Eric: Why?
Mark: Well, for one thing, the testing results presented were one-off and anecdotal. That is, the author did one test with only one input and saw what he judged to be a positive response and stopped there. Now, maybe what he saw was interesting, maybe not. Without further tests, there is no way to know how probable it is that the result was directly caused by the input.
Eric: So one principle of good testing is don’t put too much stock in a one-off test or an anecdotal experience.
Mark: Or to put it positively, it’s important to test many incidences to see if the effect happens consistently. It can also be valuable to have others try to replicate the experiment with their own inputs to see if they get similar results. Now, the other thing that bothered me in this test was the lack of any control.
Eric: Explain what a control is in a science experiment.
Mark: Okay, put simply, controlling an experiment means two things: first, you should try to eliminate as much as possible the possibility of other variables that could affect your results. Now, in the case of the CTR test I saw, I could come up with probably a dozen things known and unknown that could have accounted for the person’s results without any involvement from click through.
Now, second, in most experiments, it’s good to have a specific control. That’s a part of the test where you have similar inputs but you do not do whatever you’re doing to the experimental group. If you see the same results in your control group as in your experimental group, then probably what you did to your experimental group isn’t the direct cause of what happened there.
Eric: So anything else you wanna say about such SEO testing before we wrap up?
Mark: Yes, just one more thing. I actually think it’s fine to present incomplete or unverified test or study results as long as you are crystal clear that’s what they are. On the positive side, such data can be useful to stimulate further or better experiments that will give us true, actionable results. Now, it’s valuable for raising questions that we should be testing more deeply. But it goes negative for me when as happens all too often, someone presents a preliminary or faulty test and then actually recommends that others take action based on their findings.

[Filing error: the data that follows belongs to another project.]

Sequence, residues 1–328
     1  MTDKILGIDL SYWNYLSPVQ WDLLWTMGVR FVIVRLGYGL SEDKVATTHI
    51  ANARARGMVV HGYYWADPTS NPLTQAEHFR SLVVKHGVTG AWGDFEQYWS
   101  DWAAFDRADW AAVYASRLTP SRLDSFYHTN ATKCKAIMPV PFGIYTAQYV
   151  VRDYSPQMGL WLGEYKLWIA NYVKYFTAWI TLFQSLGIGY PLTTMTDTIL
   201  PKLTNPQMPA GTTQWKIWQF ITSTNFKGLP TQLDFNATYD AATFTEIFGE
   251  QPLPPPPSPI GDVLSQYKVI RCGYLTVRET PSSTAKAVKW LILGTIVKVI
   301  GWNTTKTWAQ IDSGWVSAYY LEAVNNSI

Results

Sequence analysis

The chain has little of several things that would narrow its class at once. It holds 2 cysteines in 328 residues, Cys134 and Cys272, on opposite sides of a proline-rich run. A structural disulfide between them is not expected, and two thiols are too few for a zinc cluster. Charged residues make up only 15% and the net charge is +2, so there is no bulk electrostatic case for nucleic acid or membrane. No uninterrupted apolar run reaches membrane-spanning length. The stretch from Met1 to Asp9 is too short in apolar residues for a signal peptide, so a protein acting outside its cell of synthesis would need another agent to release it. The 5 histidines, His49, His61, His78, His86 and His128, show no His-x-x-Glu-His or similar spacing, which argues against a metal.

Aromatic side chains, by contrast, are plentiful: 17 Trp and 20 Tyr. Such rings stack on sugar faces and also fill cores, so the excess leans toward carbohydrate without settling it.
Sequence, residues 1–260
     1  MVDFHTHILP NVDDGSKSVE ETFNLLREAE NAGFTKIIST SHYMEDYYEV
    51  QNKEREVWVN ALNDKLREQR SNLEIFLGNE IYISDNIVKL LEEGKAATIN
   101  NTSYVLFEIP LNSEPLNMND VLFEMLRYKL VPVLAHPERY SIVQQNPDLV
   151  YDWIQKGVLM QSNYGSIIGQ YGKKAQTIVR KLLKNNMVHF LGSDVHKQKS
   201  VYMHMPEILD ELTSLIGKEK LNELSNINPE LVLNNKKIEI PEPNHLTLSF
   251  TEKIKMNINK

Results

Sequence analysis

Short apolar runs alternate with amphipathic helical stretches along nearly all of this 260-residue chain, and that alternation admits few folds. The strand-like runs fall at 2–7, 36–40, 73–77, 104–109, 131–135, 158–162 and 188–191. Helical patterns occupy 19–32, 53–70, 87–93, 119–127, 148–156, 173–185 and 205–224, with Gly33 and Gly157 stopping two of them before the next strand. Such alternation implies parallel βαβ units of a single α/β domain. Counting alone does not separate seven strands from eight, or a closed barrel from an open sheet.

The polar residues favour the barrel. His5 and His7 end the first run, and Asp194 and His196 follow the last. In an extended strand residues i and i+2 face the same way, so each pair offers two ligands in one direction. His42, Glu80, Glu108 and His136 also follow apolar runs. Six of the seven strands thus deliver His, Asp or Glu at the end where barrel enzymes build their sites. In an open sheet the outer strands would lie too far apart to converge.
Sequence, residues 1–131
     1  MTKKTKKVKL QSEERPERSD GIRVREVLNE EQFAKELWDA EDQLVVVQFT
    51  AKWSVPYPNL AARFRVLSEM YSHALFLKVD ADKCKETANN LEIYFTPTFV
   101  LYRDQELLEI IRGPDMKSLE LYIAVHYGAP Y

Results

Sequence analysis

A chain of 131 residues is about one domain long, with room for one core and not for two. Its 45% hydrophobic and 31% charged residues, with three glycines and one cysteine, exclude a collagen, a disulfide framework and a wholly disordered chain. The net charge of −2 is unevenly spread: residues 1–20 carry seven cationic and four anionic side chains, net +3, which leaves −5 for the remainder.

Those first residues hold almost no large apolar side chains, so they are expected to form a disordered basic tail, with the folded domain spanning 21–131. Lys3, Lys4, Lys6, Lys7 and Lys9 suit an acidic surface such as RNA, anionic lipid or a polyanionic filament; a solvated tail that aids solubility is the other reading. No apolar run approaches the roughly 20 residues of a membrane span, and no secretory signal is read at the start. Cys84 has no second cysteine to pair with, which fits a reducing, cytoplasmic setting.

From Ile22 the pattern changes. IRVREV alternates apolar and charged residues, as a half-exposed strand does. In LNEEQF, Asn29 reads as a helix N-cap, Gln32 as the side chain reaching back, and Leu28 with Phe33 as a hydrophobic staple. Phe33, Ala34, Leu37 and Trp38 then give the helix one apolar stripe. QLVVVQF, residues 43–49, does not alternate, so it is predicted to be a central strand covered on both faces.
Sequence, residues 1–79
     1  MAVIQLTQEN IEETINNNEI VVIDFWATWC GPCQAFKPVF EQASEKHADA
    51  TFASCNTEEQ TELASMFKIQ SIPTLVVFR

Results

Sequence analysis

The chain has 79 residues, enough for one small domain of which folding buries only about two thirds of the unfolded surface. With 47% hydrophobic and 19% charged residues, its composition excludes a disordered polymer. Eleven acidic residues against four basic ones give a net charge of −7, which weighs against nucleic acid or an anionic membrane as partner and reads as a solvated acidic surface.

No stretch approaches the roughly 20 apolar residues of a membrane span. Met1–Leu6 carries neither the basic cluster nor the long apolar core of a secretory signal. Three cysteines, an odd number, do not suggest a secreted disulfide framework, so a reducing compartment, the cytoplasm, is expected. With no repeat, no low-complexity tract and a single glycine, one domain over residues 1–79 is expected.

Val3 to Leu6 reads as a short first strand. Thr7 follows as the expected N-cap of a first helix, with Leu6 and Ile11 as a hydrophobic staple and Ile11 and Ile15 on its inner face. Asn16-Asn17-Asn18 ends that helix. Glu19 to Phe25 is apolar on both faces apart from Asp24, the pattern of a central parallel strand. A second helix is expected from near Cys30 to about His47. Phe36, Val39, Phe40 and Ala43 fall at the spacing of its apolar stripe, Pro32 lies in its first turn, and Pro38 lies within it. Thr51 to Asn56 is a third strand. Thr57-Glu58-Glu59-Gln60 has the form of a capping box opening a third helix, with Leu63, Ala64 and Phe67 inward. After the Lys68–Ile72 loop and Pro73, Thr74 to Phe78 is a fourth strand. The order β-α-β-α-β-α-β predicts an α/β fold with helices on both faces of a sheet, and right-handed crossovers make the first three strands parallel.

Eric: Thanks, Mark. There’s a lot more to valid SEO testing than what Mark has covered here. I recommend that you watch his Moz Whiteboard Friday video called “Becoming Better SEO Scientists”.
Mark: Thanks, Eric. And here at Perficient Digital, we’ve invested a lot into doing careful scientifically valid tests and studies. If you’d like to see what you could learn from our efforts, you can view our studies in one listing here.
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Thoughts on “Why SEO Needs Better Testing – Here’s Why #90”

  1. Hans Petter Blindheim

    Would argue that there isn’t any way to properly conduct controlled experiments with testgroup + controlgroup. Too much personalization and not possible to set up for same search, same geo and same consumers. Not that you shouldn’t try – but there will always be a wild factor involved.

  2. Of course, and that’s why we titled this “needs better testing” not “perfect testing.” A perfect test will never be possible in the SEO world, but we believe that we can at least eliminate sloppy testing that leaves way too much unconsidered.

  3. Once again guys a great article, I just wish that the news agencies would do the same thing with verifying their “news stories” and reporting of 75% of the garbage that is just passed on dribble , LOL
    I for one take care of my own testing of my site to get my own results, however this but only a couple of sites and don’t rely on that alone which is one of the reasons I follow Perficient Digital

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Mark Traphagen

Mark Traphagen was our Content Strategy Director for Perficient Digital until February of 2019. He has been named one of the most influential content and social media authors in numerous industry listings.